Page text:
This object will be featured in the Museum’s redesign as a part of the Seminole war era story. The belt is fragile now, so my job is to make sure that it can be displayed once the redesign is completed. I already had a good plan for stabilizing the object, but wanted to triple check my research and make sure there wasn’t a better option that I could take. Later, I worked on condition reports and photographing new objects that came into our collection this month including really cool tiny dolls! I’ve also been assisting the THPO Collections division with photographing some of their new objects, and spent time on that particular project.

THPO Collections received a donation of herbarium coupons from the Environmental Resources Management Department, which need to be photographed. This is Mount 16, listed as Sabatia grandiflora or largeflower rosegentian.

And that afternoon, I was able to finally make some progress on a big project. I’m working on a large sculptural trunk for another department so that it can be installed inside of a new building. I was able to get some time on our sandblaster, so I worked with Facilities to move the sculpture over to the maintenance area and ended the day with a well-cleaned trunk—and me covered in sand! This perfectly describes an average day for me.

Our facilities division was able to assist in moving this large sculptural trunk from the laboratory to the maintenance yard by using a forklift. The piece is dedicated to Betty Mae Jumper and is destined for a new health building on the Hollywood reservation.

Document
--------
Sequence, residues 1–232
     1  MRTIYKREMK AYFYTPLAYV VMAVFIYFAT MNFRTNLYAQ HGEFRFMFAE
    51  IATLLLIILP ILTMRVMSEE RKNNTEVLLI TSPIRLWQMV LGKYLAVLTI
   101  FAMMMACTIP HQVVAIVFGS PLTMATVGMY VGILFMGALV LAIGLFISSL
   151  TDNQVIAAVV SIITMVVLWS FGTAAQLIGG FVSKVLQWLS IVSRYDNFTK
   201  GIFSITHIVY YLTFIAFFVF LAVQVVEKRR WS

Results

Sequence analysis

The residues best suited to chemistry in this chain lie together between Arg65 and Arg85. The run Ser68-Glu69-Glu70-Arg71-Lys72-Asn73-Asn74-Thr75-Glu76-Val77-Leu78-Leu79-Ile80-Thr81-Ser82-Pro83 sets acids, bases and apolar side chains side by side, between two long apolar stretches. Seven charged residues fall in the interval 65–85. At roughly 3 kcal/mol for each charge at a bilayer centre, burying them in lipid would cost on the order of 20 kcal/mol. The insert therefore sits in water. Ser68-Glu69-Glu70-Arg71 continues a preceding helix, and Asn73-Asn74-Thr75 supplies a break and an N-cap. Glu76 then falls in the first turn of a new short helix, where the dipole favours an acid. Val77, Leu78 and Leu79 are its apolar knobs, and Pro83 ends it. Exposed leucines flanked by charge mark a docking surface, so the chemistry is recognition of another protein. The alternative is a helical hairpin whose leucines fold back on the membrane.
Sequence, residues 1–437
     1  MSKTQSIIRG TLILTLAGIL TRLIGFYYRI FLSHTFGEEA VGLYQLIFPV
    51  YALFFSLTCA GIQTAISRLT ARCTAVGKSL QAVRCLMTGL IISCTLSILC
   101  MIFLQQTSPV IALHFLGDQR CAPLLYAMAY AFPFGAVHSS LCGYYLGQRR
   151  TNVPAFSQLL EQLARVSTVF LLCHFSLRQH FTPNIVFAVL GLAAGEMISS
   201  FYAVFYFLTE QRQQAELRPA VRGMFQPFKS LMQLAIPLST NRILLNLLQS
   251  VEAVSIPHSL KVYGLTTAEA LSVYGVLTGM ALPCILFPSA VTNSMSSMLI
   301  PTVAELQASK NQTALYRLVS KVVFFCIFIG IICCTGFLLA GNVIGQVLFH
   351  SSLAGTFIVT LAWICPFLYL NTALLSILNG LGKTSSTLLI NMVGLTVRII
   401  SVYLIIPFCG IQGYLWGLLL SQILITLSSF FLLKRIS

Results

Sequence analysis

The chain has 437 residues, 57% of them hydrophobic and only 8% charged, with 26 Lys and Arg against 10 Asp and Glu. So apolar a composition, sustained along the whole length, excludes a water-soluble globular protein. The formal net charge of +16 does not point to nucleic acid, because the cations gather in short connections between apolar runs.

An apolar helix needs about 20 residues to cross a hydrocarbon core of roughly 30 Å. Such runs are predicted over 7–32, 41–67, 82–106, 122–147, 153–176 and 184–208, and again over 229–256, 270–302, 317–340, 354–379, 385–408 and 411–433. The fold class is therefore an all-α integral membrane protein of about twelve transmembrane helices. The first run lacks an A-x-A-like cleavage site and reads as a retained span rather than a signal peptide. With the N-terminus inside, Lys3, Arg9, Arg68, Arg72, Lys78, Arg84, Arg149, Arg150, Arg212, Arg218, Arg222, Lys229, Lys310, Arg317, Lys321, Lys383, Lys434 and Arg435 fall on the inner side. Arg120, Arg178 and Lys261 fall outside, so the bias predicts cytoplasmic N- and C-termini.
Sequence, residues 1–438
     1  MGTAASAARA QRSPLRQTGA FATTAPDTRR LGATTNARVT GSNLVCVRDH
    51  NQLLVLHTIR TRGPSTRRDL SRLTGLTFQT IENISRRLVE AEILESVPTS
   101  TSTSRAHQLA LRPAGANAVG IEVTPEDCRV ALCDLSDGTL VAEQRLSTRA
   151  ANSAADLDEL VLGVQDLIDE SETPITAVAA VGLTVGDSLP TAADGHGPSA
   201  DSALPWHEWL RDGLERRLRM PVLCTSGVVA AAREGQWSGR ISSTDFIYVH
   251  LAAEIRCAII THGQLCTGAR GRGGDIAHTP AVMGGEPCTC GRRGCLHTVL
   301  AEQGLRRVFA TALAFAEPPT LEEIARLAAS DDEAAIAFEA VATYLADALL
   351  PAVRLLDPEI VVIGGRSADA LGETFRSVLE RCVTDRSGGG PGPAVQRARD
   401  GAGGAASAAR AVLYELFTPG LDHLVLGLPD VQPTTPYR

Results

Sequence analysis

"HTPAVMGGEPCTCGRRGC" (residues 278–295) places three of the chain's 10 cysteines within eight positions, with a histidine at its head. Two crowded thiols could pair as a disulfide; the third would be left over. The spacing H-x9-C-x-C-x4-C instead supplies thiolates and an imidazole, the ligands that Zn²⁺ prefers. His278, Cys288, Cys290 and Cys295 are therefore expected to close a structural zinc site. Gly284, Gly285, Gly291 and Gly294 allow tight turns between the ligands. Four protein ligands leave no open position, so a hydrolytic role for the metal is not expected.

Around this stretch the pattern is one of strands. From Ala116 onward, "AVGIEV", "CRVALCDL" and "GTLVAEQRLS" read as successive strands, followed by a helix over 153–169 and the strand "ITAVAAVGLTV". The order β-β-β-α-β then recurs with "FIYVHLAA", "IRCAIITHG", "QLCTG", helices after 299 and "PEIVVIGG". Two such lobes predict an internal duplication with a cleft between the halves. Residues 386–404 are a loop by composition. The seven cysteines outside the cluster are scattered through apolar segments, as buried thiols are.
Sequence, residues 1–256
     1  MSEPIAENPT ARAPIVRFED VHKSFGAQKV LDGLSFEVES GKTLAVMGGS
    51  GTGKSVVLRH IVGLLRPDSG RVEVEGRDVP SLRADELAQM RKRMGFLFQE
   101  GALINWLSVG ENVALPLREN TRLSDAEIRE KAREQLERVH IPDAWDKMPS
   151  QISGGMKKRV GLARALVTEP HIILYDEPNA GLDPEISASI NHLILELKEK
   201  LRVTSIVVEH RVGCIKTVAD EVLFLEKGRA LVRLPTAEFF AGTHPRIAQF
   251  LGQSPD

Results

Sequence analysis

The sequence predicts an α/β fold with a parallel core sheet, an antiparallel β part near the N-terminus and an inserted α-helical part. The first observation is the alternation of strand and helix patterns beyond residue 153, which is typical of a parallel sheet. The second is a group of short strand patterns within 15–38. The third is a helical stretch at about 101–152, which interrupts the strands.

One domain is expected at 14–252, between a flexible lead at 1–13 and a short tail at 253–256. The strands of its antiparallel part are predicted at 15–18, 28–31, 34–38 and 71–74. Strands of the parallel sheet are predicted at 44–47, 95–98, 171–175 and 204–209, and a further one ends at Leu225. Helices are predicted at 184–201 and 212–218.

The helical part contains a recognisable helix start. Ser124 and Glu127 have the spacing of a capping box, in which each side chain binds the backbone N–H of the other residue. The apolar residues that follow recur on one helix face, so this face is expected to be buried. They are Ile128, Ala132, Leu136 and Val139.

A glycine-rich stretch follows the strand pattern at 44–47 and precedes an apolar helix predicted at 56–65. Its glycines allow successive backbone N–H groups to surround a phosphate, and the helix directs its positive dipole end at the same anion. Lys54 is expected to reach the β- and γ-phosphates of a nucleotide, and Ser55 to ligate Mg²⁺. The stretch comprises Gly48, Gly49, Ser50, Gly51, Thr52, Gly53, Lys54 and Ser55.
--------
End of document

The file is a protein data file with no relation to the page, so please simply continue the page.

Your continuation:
Whenever I speak to high school and college students, I close by saying, if you can’t pick a favorite subject in school but like to work with your hands, you might want to be a conservator! Knowledge of chemistry, art, history, and a desire to help preserve heritage makes for the perfect blend in a conservator. Every day is different, and I wouldn’t change my profession. If you’re ever interested in seeing more behind the scenes, stop on by the lab at the Ah-Tah-Thi-Ki Museum!

Getting Positive with Negatives

By Chelsea Nielsen, Cataloging Assistant and Tara Backhouse, Collections Manager

Though the Ah-Tah-Thi-Ki Museum remains closed due to the continuing COVID-19 pandemic, it continues to serve the Seminole community in part by cataloging thousands of photographic negatives. Hmm, photographic negatives, who remembers those?  It actually wasn’t that long ago when almost everyone had experiences with them.  Anyone who put film in a camera would have to get those pictures developed, usually at shops that specialized in film development or at photo centers in major retail stores such as Walmart or Target. It was there that the film was developed into negatives, using specific chemical processes. Then photographs were printed using an enlarger machine to duplicate the image on each negative.  People then picked up their photographs in an envelope that contained both the negatives and the printed photos.  You had to keep the negatives if you ever wanted more photos printed, and this was important to many people.  There was no other easy way to reprint a picture.  It was possible to reprint a picture from a print, but the quality was never as good.  This was a much more cumbersome way to capture important moments in our lives, but people got used to it.  This is how taking photographs worked for nearly 100 years.  But about 15 to 20 years ago, people began transitioning to digital cameras and moving away from cameras that used rolls of film to create lasting memories.